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Classroom Notes and

Landform Regions in Canada

There are eight distinct landforms in Canada:

Western Cordillera Region

Interior Plains
Canadian Shield
Hudson Bay Lowlands
Great Lakes-St. Lawrence Lowlands
Appalachian Region
Arctic Lowlands
Innuitian Mountains


Sometimes the
term Landform
Region is
replaced by
the term

The term cordillera means mountain or mountainous. In Canada, the Western
Cordillera region covers most of British Columbia and the Yukon Territory. The great
height and rugged appearance of the mountains tell us they are very young. The collision
of the North American and the Pacific plates uplifted the region into several mountain
The mountains and valleys of the Western Cordillera run in a northsouth direction. Many people use the term Rocky Mountains to
describe the Western Cordillera but, in truth, the Rockies are just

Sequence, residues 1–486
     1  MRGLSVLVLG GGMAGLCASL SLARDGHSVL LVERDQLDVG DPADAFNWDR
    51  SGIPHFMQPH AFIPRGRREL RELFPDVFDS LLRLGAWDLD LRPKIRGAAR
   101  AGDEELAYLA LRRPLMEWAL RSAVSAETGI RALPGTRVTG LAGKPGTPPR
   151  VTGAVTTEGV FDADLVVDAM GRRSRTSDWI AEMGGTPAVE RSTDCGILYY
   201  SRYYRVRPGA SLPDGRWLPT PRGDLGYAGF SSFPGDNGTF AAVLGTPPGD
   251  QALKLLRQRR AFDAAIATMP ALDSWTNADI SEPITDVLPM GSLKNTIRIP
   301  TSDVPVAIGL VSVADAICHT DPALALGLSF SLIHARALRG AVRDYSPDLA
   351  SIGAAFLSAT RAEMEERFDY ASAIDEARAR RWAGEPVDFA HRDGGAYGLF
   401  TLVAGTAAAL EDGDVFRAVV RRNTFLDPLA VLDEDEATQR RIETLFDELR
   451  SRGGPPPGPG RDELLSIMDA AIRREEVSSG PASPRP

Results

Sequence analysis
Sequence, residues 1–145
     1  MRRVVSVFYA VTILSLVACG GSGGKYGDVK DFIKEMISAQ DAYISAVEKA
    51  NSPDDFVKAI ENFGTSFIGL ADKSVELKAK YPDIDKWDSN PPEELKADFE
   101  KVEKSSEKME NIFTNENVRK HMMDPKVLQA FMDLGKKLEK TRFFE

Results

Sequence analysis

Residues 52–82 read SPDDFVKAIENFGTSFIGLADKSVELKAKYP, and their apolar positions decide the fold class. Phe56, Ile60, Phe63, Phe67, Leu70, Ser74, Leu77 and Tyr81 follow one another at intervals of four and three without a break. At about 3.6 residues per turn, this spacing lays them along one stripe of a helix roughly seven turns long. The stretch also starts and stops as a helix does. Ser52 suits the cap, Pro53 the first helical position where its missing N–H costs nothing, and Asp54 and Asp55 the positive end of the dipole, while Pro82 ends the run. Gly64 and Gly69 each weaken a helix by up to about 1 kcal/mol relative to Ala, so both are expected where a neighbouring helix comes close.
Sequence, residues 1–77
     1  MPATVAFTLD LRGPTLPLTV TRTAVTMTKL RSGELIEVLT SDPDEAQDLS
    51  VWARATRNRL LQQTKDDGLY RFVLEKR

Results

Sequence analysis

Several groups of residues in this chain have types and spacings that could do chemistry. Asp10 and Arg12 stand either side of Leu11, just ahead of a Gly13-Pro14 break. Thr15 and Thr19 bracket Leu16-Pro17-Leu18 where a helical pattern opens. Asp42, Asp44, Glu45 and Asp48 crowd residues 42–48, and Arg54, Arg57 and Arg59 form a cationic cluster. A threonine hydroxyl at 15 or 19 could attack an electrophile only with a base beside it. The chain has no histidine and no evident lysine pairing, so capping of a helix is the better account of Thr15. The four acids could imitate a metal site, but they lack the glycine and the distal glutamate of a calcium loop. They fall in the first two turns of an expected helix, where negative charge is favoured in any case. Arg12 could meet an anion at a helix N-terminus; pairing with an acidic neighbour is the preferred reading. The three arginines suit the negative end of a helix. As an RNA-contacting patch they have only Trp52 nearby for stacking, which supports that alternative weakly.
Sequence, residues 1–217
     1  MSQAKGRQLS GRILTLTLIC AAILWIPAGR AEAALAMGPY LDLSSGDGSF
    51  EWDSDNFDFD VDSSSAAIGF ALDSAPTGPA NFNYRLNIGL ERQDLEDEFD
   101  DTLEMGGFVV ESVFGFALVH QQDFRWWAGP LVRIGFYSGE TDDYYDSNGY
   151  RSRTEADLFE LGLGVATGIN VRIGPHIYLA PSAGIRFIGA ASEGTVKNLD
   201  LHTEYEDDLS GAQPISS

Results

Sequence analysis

a small part of the Western Cordillera.
There are three major divisions of the Western Cordillera. The
Rocky Mountains and the Columbia Mountains, along with several
other ranges make up the eastern part of the region. The Rocky
Mountains are formed of folded and faulted sedimentary rock which
contain many fossils. The Columbia range, while also made up of
sedimentary rock contains many intrusions of metamorphic rock.
The Rocky Mountains

The central part of the Western Cordillera is
called the Interior Plateau. It is a highland
region with rugged plateaus divided by deep
river valleys. This area is composed of
metamorphic and igneous rocks from past
volcanic activity. One of the major rivers
running through this area is the Fraser
The western part of the Western Cordillera is
called the Coast Mountains region. It is
made of igneous and metamorphic rock and
are the direct result of plate tectonics. This
is a very active seismic area and contains
the highest peaks in Canada. The highest
peak is located in the northern part of the